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Sylvain Neuvel is the author of Sleeping Giants, Waking Gods, and Only Human. He is a linguist and translator based in Montreal. He is at work on an R2-D2 replica and his next novel.
The Themis Files
Meet the Author: Sylvain Neuvel (THE THEMIS FILES)
Author Superfight: Scott Sigler vs. Sylvain Neuvel
Montreal-based linguist and translator Sylvain Neuvel has presented us with quite the debut novel. In Sleeping Giants, we meet a young girl named Rose who encounters the oddest artifact in the strangest of ways. Fast-forward a decade and a half, and here’s Rose again, now an accomplished physicist, about to uncover one of humanity’s biggest secrets. Read on for Sylvain’s thoughts on his format, the future, and science fiction.
PENGUIN RANDOM HOUSE: Much of Sleeping Giants is told through the format of an interview. Why was it important to construct your novel in this way? Had you originally tried writing it in straight prose?
SYLVAIN NEUVEL: I have a thing for epistolary novels. One of my favorite books of all time is Les Liaisons Dangereuses. I first read it as a teenager and it completely blew my mind. In many ways, the real story isn’t even in the book, because everybody lies all the time. I was the one who had to piece things together based on what I learned about the characters, and I liked that the author placed that kind of confidence in me. I was writing something completely different, but I also wanted my readers to participate, to figure things out on their own, and dialogue is a great way to do that. I also thought it fit the premise of Sleeping Giants. It had to feel real, and a world-changing event like this one would leave behind a trail of documents. In many ways, the format actually plays a part in the story. The interviewer in Sleeping Giants isn’t a literary device. He’s a character in his own right, arguably the most important one.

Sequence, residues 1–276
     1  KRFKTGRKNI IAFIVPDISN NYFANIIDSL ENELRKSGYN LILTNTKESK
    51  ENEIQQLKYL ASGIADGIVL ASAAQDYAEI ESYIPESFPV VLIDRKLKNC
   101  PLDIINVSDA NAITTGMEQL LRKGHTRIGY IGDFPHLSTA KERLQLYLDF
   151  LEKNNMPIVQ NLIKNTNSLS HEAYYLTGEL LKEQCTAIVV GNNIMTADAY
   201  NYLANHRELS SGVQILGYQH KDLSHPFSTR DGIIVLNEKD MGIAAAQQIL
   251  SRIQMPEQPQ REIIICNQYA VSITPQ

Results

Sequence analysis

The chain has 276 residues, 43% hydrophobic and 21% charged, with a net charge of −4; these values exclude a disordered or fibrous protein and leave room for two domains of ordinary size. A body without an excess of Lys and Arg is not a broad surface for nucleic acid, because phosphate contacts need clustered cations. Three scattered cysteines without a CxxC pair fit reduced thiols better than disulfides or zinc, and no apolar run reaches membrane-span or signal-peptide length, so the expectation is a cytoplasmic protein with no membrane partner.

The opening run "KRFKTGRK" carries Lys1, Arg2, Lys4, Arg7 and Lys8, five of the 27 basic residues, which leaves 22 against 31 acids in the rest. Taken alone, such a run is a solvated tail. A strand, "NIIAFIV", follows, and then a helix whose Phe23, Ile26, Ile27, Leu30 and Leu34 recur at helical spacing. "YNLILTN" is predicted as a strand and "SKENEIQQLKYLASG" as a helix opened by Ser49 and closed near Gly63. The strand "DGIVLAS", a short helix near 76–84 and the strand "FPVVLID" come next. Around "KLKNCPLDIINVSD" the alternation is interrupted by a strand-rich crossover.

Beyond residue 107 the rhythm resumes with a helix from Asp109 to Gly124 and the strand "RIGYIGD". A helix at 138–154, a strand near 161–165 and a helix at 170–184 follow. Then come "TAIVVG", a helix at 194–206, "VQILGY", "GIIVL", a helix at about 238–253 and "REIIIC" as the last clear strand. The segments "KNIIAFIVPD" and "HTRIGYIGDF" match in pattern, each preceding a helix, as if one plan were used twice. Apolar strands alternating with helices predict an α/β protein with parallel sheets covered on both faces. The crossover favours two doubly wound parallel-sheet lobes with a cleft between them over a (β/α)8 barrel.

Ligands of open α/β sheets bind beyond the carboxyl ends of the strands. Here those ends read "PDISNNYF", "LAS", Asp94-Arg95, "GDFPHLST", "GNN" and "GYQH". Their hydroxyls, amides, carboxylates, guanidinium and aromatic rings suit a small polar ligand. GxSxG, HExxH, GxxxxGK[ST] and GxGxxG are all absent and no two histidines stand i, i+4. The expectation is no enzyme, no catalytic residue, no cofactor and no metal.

PRH: There’s a potent futuristic, fantastical feel to Sleeping Giants. Looking at the world we live in today, what do you see that has that fantastical element?
SN: We live in fascinating times. From a scientific and technological perspective, we are on the brink of so many life-altering breakthroughs. Artificial intelligence is in our sights. We are really close to curing every single viral disease with a single drug. We could double, triple our life expectancy in the near future. The most interesting part for me is how we deal with these life-altering changes. We are still learning to live with inventions of the twentieth century: the internet, social media, etc. The societal changes that might possibly happen during my son’s lifetime are almost impossible to fathom. It’s a great time to be a writer.
PRH: What’s your favorite science fiction book of all time?
SN: I would say Contact, by Carl Sagan, for the way it portrays our dealing with the idea that we’re not alone in the universe. Like “Close Encounters of the Third Kind” in movies, it’s a story about us, about our strengths and weaknesses. I also love Michael Crichton novels: The Andromeda Strain, Jurassic Park. You’ll notice all these books also have a lot of science in them.
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